There’s no need to shout

No one likes to be shouted at, particularly not by strangers. So can someone tell me when it became a good idea for advertisers to do so in the interests of engaging potential customers?

There’s no need to shout

Sean Adams

A couple of weeks ago I was in the CBD, and decided to cut along one of Sydney’s less glamorous streets. No upmarket boutiques in sight, just a seemingly endless array of ugly looking “discount stores”.

And not content with the visual pollution they are creating, most of the owners of these stores, in their wisdom, have decided that the best way to attract customers is to employ a spruiker to shout at the poor passers-by.

“Genuine French perfume, only $5… these prices are below cost… they won’t last long. Blah, blah, blah.”

I seriously wonder how many people are actually seduced inside by their strident (usually) cockney tones – most people I saw were avoiding eye contact and hurriedly scuttling away.

And the funny thing is that the more people passed them by, the louder the spruikers started shouting and, observing the scene, the lower my own expectations of the quality of their merchandise sank.

Now they may very well be offering some decent products at amazing prices, but I for one have been turned off and have no wish to find out more.

But this aural pollution is not confined to the streets – it can often be found in our very own living rooms

There is a sub-culture of advertisers who seem to think that the louder and more “urgent” they make their ads, the more people will beat a path to their door.

I beg to differ. To me the louder the ad, the more desperate the advertiser sounds with the result being that my quality expectations of the brand head even further south.

And who wants to buy a low quality product from a desperate seller?

An old creative director I worked with had a good analogy for this. He likened advertising to a knock on the front door when you are enjoying a quiet night at home.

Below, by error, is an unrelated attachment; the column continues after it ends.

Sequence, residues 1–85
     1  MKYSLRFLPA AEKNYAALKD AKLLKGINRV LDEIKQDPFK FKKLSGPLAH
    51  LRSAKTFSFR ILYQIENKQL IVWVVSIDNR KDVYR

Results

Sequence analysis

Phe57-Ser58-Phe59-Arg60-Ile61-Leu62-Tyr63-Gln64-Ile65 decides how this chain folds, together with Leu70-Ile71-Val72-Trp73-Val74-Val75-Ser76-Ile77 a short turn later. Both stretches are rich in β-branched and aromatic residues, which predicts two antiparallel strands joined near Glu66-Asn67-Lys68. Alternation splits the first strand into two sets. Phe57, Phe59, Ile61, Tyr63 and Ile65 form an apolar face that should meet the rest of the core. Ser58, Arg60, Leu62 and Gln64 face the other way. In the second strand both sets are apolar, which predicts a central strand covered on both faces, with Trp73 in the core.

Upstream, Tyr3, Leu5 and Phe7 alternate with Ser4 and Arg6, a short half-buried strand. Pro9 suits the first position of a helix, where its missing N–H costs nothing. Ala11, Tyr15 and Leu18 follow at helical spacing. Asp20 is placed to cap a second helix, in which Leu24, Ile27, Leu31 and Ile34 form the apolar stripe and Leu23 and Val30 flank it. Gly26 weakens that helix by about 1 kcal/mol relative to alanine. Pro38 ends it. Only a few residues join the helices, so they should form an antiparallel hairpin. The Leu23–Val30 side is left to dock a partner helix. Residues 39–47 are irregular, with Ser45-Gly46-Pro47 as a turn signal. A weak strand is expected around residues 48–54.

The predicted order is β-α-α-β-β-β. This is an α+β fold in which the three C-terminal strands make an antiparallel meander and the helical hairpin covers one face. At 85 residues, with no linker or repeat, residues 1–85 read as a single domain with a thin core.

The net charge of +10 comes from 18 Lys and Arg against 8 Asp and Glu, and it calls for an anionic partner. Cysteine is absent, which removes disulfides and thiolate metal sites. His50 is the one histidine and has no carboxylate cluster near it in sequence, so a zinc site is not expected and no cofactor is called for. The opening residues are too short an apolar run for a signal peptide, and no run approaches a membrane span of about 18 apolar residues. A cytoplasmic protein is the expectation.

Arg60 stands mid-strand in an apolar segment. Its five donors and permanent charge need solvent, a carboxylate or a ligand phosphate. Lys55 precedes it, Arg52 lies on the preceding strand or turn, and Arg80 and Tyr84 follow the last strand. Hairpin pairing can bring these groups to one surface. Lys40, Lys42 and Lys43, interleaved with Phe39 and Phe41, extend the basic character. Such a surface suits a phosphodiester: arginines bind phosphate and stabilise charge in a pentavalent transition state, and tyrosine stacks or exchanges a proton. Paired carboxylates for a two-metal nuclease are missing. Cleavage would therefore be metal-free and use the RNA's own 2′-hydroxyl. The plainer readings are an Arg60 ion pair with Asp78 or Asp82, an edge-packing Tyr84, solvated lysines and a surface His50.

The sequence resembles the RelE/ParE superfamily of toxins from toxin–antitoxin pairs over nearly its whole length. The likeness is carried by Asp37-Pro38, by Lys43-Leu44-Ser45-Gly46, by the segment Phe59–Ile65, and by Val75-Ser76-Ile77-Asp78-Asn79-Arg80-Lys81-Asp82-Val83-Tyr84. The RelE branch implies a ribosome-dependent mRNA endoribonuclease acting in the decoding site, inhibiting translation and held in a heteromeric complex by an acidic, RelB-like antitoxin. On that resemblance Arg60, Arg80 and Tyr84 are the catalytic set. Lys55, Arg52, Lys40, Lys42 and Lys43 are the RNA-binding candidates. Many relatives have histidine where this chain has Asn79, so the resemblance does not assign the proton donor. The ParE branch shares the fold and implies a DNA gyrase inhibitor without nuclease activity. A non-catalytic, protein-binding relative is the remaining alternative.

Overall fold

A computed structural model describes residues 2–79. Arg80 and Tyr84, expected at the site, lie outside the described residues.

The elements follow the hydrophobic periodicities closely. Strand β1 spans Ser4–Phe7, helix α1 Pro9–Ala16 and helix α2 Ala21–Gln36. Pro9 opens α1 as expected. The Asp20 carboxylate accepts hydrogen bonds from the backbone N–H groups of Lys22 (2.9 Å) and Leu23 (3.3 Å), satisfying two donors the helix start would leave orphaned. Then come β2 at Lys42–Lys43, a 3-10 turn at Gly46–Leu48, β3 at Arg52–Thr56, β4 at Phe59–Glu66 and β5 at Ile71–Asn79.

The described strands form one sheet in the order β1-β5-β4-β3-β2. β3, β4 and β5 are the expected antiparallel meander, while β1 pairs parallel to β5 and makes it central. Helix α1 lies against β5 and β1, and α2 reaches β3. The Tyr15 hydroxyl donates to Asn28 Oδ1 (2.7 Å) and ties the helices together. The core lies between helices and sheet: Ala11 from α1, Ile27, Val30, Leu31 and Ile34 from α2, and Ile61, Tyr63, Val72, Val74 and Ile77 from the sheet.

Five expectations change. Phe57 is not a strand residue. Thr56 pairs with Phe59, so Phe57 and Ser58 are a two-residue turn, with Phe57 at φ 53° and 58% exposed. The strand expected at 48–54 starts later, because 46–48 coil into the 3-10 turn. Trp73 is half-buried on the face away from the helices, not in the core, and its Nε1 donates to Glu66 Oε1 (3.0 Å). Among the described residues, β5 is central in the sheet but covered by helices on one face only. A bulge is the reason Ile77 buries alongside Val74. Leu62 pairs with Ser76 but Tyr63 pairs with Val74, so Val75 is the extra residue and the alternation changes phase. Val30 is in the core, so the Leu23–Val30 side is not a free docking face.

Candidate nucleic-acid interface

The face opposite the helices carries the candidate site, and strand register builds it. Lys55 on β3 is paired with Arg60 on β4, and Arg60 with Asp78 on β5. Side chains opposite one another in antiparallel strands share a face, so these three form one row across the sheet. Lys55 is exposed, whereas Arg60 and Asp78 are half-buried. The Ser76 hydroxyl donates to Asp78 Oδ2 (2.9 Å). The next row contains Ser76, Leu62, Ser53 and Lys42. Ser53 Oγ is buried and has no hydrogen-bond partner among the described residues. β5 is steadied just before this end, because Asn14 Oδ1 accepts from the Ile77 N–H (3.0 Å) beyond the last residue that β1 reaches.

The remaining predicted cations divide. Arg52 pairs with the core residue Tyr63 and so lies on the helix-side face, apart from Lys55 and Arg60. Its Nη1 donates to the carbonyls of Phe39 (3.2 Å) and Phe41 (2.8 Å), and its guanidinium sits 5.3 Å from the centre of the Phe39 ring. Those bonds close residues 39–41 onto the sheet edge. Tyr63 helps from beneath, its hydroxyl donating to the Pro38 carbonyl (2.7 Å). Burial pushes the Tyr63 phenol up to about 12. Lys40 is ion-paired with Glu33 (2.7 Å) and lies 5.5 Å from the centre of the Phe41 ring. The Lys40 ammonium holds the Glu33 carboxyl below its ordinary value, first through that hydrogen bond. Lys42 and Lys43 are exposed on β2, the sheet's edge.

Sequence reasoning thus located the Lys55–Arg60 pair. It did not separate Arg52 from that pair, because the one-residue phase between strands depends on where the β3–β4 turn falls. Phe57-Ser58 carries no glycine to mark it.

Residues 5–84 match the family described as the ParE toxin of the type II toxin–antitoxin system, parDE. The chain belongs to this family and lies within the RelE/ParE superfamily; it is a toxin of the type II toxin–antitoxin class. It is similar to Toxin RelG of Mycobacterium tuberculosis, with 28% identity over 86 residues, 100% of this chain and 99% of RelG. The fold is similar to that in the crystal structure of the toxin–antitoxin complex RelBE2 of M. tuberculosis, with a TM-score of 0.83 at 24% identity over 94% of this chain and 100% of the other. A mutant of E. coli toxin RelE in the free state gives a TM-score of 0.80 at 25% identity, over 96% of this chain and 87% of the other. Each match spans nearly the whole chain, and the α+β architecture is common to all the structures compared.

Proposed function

The interruption is bad enough, but when you get to the door, who would you rather find there – someone who talks to you in a considered, engaging way and offers you something of direct benefit to you, or someone who screams at the top of their voice about how cheap they are?

And this epidemic of loudness is not restricted to advertising on TV – radio advertising is obviously a prime culprit with its eagerness to fill every second with noise, but so too are non-broadcast media – even print advertising with its huge headlines, excess use of red and ample exclamation marks can also be too “loud” in its own way and also contribute to perceptions of poor quality.

Now I am not arguing for recessive advertising here, all I am saying is that there are other ways to gain attention. Ways that are built on a deeper understanding of the customer and then using a bit of subtlety and charm to help forge a meaningful connection, while preserving the quality and reputation of the brand.

No-one likes to be shouted at, particularly not by strangers. So can someone tell me when it became a good idea for advertisers to do so in the interests of engaging potential customers?


To read more Sean Adams blogs, click here .


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